There is interesting and emerging research on a variety of uses for medical marijuana for conditions like pain, seizures, nausea and cancer. Many of these studies do show statistically significant therapeutic action of these substances. As a neurologist, I have been particularly interested in the current research of CBD in pharmacoresistant epilepsy in children, for which there have been successful trials.8, 9 However, it is important to note there is no current evidence for efficacy in veterinary species. The limited bioavailability data we have in dogs does suggest that dogs metabolize these products differently than humans, so we should be cautious when directly translating the human literature to our patient population. 10, 11

The Clinical Pharmacology lab at Auburn University is currently offering free cannabinoid monitoring in hopes of establishing an assay for toxicity and efficacy. You can submit samples via their webform

What do I say to my clients? When asked about these subjects from clients I say the following:

“I understand there is a lot of interesting information out there about marijuana. The truth is that we do not yet know what doses and formulation are safe or have any positive effect in pets. We do know from years of experience that pets can have some negative side effects from marijuana ingestion, so that makes me cautious. The research in humans is really interesting, but very new, and no research has been done in dogs (cats, horses, etc). Additionally, it is illegal for me to prescribe it, as veterinarians are not included in state medical marijuana laws.”


Dr. Carrie Jurney

Carrie Jurney DVM DACVIM (Neurology) 
President, Jurney Veterinary Neurology, Redwood City, California


  1. AVMA@WorkEditor. "A Sign of the Times: Medical Marijuana Use and Veterinary Medicine."AVMA@Work Blog. AVMA, 16 July 2013. Web. 01 July 2017.
  2. Office of the Commissioner. "FDA and Marijuana: Questions and Answers." U S Food and Drug Administration Home Page. Office of the Commissioner, 30 June 2016. Web. 01 July 2017.
  3. Drug Enforcement Administration. "Establishment of a New Drug Code for Marihuana Extract." Federal Register. Office of the Federal Registrar, 14 Dec. 2016. Web. 01 July 2017.
  4. Hemp Industries Association. "Hemp Industries Association Responds to DEA Final Rule Regarding ‘Marijuana Extracts’." Hemp Industries Association News & Press Releases Hemp Industries Association, 16 Dec. 2016. Web. 01 July 2017.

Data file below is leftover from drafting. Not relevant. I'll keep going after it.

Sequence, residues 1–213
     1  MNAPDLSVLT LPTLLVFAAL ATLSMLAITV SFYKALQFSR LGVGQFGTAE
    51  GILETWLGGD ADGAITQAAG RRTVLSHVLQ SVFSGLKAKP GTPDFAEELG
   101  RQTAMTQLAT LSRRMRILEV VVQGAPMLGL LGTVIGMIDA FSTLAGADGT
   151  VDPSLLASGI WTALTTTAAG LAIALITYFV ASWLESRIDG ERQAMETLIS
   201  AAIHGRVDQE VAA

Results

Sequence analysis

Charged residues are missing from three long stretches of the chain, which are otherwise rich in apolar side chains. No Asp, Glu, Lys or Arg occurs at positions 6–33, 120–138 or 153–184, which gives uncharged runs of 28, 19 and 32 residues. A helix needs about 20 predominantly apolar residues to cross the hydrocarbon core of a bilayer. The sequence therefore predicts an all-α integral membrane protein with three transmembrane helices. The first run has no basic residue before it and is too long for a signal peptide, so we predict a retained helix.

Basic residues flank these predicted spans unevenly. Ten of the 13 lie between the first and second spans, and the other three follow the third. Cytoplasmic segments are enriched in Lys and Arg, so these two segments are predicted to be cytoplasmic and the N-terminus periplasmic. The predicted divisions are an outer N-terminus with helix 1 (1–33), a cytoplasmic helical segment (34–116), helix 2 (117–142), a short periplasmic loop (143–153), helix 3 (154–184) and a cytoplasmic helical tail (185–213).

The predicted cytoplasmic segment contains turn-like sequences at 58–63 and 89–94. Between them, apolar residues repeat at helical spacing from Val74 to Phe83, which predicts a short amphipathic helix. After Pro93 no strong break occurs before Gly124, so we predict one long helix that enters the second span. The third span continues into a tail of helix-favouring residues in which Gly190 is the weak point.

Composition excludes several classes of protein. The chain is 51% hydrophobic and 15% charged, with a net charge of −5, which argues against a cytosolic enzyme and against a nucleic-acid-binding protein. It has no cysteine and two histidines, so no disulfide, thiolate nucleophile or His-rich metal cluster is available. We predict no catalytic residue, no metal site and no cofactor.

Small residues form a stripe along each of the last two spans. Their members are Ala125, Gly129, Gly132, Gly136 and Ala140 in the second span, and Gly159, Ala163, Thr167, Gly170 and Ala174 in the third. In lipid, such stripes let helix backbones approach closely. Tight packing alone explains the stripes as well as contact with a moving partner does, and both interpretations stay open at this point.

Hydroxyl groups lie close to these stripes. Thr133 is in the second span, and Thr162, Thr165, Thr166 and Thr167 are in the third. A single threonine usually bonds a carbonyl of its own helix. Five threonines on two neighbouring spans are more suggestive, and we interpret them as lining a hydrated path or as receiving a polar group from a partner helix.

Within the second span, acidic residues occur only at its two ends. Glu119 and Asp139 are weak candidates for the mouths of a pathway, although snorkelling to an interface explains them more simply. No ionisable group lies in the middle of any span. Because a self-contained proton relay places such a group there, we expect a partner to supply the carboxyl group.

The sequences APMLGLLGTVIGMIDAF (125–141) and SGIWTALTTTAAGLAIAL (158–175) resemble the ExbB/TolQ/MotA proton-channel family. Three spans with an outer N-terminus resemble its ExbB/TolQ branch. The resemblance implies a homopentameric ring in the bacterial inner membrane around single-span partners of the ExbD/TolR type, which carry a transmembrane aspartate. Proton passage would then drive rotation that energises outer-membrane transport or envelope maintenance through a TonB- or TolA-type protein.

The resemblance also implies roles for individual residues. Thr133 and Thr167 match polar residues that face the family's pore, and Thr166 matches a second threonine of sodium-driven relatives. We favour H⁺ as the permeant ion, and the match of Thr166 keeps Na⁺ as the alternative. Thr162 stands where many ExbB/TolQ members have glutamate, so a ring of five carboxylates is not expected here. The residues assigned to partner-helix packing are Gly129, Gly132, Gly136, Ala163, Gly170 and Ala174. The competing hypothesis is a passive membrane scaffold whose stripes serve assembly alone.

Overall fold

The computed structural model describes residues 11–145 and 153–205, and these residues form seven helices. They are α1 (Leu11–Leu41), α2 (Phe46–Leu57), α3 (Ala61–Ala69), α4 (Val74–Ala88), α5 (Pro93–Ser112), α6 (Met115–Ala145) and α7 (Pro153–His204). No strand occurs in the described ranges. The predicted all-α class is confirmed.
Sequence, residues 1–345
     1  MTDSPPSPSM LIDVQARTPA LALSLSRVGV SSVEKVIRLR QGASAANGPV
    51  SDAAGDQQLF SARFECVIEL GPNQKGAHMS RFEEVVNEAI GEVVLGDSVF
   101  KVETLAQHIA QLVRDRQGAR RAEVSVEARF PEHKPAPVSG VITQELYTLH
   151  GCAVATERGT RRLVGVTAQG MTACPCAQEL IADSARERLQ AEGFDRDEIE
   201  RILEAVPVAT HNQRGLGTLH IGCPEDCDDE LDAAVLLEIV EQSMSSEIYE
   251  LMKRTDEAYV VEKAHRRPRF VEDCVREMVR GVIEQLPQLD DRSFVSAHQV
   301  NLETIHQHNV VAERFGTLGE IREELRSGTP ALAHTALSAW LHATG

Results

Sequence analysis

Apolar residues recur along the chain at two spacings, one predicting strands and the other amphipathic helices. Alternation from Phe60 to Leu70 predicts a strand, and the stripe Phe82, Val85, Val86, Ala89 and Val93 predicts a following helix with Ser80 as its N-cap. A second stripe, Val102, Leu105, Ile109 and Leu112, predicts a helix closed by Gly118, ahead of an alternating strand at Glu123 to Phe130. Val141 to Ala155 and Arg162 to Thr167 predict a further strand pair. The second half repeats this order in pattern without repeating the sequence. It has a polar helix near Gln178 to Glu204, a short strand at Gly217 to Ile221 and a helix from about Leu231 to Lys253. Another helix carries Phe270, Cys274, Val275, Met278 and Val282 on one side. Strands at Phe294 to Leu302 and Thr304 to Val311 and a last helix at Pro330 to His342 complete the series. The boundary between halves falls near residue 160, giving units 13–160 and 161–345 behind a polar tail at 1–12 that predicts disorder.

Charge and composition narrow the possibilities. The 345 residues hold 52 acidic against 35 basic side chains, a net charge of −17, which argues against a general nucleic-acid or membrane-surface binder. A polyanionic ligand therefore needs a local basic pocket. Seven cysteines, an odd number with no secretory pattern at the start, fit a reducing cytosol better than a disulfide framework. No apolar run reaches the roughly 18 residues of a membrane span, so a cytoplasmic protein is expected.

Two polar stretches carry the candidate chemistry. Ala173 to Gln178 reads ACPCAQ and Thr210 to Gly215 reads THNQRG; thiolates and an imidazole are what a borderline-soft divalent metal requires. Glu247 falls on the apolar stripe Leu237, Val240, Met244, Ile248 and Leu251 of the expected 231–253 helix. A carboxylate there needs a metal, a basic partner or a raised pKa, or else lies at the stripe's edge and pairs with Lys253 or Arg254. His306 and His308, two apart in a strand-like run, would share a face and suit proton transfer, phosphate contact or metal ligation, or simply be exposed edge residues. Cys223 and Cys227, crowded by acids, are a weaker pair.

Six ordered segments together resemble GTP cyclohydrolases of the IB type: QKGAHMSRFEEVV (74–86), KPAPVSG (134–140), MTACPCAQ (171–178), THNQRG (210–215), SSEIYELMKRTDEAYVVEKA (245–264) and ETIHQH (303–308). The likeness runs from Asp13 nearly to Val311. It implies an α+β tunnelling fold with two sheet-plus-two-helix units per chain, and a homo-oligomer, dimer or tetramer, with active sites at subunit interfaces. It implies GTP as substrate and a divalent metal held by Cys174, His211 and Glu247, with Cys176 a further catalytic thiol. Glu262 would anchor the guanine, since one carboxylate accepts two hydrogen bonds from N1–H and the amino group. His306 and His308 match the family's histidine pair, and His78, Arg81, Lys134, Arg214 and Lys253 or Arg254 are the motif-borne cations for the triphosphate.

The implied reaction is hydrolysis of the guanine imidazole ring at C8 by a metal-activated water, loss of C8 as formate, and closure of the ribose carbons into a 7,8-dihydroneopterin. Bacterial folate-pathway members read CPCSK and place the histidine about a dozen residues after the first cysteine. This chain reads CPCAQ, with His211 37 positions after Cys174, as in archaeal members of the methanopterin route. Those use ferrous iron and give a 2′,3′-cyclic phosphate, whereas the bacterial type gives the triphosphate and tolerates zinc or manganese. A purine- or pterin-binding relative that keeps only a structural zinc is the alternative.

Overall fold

5. Meola, Stacy D., et al. "Evaluation of trends in marijuana toxicosis in dogs living in a state with legalized medical marijuana: 125 dogs (2005–2010)." Journal of Veterinary Emergency and Critical Care 22.
  6. (2012): 690-696. 6. Janczyk, Pawel, Caroline W. Donaldson, and Sharon Gwaltney. "Two hundred and thirteen cases of marijuana toxicoses in dogs." Veterinary and human toxicology 46.1 (2004): 19-20.
  7. Angle, Patrick, and Steep Hill Labs, Inc. | Ste. "Steep Hill Launches New High Detection Cannabis Pesticide Testing in California." Steep Hill Press Release (n.d.): n. pag. Steep Hill Labs, 19 Oct. 2016. Web. 1 July 2017.
  8. Devinsky, Orrin, et al. "Cannabidiol in patients with treatment-resistant epilepsy: an open-label interventional trial." The Lancet Neurology 15.3 (2016): 270-278.
  9. Cross, J. Helen, et al. "Cannabidiol (CBD) reduces convulsive seizure frequency in Dravet syndrome: results of a multi-center, randomized, controlled trial (GWPCARE1)(CT. 001)." Neurology 88.16 Supplement (2017): CT-001.
  10. Samara, E. M. I. L., M. E. I. R. Bialer, and R. A. P. H. A. E. L. Mechoulam. "Pharmacokinetics of cannabidiol in dogs." Drug metabolism and disposition16.3 (1988): 469-472.
  11. Samara, E. M. I. L., and M. E. I. R. Bialer. "Pharmacokinetics of the dimethylheptyl homolog of cannabidiol in dogs." Drug metabolism and disposition 16.6 (1988): 875-879.

Tags:  avma  cancer  cbd  companion animal  distribution  does  legality  marijuana  medical  medical marijuana  nausea  oil  pain  patient  pet focused brands  pets  pharmacy  prescription  products  seizures  supplements  toxicity  veterinarian  weed 

Share |
PermalinkComments (0)